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2010 News Releases

Longwood professor to speak on masculinity issues in TV show "Lost"

November 2, 2010

Dr. David Magill Dr. David Magill

A Longwood University faculty member will give a lecture on masculinity in the TV show "Lost," part of his ongoing research on masculinity studies.

"The 'Lost' Boys and Masculinity Found" will be presented Tuesday, Nov. 16, at 7 p.m. in Longwood's Jeffers 133 by Dr. David Magill, assistant professor of English. The title of the presentation, the Fall 2010 Colloquium Lecture, is the same as an essay Magill wrote for the book Lost on Television, a collection of essays that will be published in spring or early summer of 2011.

"My interest in this project initially arose from my position as a devoted fan of the show combined with my current work on ethical manhood in contemporary cinema and television," Magill said.

"My presentation will explore 'Lost' as a text that presents a vision of ethical manhood through the show's plot and characters. The show promises a better world through men acting as good men but ultimately leaves us with men still in charge of the world. I also will discuss how the show's generic qualities - science fiction and suspense texts - and innovative narrative structures contributed to the show's passionate fan base and fueled the angry debate over the show's finale and plot resolutions, or lack thereof."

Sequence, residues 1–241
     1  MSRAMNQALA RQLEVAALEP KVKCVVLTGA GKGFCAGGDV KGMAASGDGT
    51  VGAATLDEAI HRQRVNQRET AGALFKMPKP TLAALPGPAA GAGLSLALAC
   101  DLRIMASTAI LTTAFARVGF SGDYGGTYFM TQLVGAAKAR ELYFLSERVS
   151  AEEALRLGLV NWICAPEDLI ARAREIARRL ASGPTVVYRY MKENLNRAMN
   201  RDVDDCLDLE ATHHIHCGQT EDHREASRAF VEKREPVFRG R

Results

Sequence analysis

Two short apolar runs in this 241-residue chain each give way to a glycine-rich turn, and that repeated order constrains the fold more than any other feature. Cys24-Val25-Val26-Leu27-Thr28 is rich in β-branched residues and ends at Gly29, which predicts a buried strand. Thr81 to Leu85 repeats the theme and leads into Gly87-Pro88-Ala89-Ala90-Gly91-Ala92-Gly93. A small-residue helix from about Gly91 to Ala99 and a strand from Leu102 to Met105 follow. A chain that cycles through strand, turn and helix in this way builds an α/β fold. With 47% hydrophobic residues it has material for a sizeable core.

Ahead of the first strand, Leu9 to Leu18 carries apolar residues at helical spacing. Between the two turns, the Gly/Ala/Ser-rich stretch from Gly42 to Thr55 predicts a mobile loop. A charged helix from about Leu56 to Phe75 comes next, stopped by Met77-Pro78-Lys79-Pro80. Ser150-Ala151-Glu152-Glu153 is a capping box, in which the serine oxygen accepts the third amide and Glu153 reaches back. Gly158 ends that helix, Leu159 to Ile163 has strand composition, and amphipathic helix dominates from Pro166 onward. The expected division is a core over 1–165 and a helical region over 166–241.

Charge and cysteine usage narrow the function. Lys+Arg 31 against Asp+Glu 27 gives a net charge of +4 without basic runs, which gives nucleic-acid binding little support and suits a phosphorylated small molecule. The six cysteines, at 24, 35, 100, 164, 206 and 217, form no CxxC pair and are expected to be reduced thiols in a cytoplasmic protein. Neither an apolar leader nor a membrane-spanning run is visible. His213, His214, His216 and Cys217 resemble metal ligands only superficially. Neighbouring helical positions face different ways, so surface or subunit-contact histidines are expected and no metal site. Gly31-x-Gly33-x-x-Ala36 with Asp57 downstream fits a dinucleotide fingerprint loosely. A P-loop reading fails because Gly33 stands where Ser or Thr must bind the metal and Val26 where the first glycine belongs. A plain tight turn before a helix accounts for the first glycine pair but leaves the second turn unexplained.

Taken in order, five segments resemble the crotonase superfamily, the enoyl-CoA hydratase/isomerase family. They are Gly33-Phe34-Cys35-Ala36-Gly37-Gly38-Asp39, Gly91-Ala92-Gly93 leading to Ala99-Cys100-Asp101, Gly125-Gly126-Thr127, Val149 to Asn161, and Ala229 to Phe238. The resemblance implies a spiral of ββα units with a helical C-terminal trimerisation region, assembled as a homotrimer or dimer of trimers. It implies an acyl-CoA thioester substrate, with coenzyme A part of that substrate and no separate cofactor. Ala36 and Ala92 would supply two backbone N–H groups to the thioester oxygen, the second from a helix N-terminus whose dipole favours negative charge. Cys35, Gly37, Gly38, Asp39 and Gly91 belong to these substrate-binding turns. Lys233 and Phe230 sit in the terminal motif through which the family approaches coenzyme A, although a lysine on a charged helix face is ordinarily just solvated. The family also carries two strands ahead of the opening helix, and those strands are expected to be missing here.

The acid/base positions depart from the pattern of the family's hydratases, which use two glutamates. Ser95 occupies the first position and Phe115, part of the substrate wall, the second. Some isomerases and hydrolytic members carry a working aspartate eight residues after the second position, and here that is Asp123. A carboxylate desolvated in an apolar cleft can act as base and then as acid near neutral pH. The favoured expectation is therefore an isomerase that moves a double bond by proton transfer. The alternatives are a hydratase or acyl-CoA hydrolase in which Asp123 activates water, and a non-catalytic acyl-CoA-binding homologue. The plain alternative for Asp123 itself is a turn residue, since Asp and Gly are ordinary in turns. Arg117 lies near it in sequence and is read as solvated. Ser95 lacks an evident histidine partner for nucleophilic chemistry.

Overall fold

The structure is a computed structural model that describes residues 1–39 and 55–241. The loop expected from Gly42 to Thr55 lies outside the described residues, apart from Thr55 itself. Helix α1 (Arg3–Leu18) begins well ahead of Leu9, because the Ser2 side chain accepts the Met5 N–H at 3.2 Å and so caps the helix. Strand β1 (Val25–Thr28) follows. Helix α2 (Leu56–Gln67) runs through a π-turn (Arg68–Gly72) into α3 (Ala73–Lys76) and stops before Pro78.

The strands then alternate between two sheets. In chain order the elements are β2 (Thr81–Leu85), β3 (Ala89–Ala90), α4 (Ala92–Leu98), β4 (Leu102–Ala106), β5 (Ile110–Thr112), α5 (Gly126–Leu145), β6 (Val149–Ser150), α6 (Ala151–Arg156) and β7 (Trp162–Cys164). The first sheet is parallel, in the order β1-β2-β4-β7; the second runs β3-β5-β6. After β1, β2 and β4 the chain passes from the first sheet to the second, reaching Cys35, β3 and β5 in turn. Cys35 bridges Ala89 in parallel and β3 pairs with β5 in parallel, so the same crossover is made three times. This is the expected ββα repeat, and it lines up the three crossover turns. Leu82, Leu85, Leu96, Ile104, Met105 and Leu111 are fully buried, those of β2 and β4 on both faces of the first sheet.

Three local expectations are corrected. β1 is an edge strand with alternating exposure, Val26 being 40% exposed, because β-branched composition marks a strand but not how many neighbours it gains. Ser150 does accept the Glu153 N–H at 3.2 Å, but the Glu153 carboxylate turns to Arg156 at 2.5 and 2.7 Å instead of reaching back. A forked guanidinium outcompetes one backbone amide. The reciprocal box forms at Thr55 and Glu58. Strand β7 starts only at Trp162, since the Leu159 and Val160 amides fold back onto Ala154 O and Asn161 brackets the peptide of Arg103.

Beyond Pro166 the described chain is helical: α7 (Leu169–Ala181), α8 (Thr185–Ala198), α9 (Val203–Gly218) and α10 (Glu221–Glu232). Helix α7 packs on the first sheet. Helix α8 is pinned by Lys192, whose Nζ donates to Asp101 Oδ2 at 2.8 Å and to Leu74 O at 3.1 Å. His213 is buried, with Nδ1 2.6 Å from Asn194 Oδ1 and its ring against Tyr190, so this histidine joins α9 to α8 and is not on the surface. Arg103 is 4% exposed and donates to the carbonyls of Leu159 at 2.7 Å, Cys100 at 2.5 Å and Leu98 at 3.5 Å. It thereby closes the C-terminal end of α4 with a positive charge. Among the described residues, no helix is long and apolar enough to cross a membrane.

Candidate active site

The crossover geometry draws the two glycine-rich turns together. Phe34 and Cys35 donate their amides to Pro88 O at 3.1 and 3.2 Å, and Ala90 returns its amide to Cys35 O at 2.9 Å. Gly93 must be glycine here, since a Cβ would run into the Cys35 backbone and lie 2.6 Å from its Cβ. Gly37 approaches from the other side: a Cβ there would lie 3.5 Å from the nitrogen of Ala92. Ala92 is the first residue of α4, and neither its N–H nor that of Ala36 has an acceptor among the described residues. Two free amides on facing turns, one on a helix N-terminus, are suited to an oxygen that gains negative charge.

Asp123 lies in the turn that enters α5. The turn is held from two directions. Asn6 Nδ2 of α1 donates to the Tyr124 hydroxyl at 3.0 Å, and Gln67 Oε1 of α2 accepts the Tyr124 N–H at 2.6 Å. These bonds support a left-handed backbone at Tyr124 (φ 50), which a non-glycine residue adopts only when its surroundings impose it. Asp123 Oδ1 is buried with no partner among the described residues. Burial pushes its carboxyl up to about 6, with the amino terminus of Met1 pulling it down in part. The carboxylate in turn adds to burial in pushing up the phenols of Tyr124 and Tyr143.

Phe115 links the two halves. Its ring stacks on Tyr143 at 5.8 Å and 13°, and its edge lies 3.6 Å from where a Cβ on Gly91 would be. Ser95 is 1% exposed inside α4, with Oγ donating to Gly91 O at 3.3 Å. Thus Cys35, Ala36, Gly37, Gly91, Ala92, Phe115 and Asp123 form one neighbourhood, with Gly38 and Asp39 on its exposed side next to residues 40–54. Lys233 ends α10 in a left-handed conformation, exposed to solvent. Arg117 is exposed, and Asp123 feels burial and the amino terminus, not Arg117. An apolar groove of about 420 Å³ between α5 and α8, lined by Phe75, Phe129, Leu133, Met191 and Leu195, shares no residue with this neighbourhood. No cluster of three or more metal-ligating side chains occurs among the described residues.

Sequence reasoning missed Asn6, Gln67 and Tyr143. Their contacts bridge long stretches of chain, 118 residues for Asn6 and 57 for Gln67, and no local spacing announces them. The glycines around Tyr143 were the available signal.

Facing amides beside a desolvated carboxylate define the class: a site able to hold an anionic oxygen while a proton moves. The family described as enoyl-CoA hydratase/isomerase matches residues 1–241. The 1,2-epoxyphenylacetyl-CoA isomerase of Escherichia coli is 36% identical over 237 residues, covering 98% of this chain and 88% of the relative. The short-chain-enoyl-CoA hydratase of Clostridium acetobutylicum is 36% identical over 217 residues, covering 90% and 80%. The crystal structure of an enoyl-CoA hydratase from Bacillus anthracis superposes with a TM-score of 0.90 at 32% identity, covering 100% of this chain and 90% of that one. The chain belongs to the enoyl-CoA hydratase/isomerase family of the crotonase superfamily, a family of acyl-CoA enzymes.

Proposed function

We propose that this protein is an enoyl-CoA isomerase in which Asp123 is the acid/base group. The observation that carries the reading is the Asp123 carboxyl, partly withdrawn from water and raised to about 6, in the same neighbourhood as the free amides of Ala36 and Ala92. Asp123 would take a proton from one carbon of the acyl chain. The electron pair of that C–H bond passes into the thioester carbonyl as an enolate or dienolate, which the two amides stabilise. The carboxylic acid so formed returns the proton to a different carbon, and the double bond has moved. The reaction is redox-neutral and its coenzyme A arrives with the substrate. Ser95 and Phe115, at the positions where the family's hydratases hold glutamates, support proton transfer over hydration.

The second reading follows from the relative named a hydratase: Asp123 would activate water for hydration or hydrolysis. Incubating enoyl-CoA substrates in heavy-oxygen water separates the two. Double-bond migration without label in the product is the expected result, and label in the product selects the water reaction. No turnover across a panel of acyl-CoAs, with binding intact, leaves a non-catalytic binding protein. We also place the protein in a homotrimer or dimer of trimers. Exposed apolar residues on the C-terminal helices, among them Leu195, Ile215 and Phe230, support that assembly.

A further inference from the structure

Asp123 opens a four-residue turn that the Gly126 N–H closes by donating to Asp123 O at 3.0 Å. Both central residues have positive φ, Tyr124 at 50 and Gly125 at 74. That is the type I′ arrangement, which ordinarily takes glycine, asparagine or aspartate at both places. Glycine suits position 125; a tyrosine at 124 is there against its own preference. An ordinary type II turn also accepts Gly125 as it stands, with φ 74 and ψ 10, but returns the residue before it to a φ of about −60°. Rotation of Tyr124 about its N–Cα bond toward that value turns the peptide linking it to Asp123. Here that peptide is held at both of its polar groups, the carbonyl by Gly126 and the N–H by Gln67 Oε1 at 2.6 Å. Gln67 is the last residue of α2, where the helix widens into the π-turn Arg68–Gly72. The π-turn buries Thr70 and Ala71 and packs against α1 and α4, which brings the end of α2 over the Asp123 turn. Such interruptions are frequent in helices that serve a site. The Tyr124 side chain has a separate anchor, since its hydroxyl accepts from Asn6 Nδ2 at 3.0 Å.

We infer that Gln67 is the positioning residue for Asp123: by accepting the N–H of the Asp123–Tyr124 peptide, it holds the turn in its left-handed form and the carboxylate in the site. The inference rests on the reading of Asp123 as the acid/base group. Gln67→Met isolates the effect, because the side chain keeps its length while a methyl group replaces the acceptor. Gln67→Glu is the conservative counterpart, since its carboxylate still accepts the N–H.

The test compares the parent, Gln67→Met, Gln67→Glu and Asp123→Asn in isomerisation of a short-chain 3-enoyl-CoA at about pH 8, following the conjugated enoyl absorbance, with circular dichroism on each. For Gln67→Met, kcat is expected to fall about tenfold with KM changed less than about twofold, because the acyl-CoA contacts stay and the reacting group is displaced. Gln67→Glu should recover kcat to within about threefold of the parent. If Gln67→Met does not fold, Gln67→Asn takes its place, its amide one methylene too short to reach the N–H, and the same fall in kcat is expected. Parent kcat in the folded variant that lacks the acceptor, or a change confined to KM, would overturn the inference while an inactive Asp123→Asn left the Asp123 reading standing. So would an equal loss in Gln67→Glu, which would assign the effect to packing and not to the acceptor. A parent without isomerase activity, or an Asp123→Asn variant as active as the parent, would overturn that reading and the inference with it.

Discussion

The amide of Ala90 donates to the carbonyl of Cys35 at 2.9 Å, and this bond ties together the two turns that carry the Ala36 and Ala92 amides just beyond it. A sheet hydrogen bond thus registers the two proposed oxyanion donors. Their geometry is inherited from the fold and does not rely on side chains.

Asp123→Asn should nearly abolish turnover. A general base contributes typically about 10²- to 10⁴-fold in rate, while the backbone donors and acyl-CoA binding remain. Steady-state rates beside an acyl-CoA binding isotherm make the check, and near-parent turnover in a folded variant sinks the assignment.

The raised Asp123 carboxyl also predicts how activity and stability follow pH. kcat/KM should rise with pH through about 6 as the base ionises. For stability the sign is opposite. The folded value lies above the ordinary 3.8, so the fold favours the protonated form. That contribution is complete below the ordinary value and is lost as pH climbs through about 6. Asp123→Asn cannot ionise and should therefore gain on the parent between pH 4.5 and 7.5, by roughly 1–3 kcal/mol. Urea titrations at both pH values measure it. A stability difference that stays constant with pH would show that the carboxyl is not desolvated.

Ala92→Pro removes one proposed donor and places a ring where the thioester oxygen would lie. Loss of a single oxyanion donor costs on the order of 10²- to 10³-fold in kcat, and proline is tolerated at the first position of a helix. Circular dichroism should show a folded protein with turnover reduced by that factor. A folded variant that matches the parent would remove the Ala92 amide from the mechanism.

The presentation will "allow us to consider questions of ethical behavior and identity norms in popular culture," Magill said. "As part of my presentation, I hope to raise discussion about how the idea of ethical manhood - and by extension, ethical action by either gender - can be viewed within the Longwood community. For example, does our concept of a 'citizen leader' reflect the same qualities exemplified by the men of 'Lost'? And what differences might be useful to note? Discussing 'Lost' in these terms would allow to converse about our vision of community engagement and how that vision differs for men and women."

Despite the show's "science fiction pyrotechnics, at its heart 'Lost' focuses as much on questions of good and evil, asking what we should do, what we can do, and what we must do," Magill said. "The central ethical conflicts of the show are dramatized through several male characters, thereby connecting masculine identity to specific cultural ideals and behaviors. In particular, 'Lost' suggests that we ask our men to use the authority and power associated with masculinity in a socially responsible manner. But at the same time, 'Lost' also presents a traditional vision of 'lost' or wounded men who need support and rejuvenation to find their way in American culture."

Magill also has written scholarly articles about masculinity issues related to "Firefly," a short-lived science fiction program on the Fox network in 2002; John Wayne; and the actor Will Smith. His dissertation examined white masculinity in 1920s American literature and culture.

Magill joined the Longwood faculty in fall 2009 after teaching for six years at the University of Pittsburgh at Johnstown, in Johnstown, Pa. The Alexandria native is a graduate of the University of Virginia and has a Ph.D. from the University of Kentucky.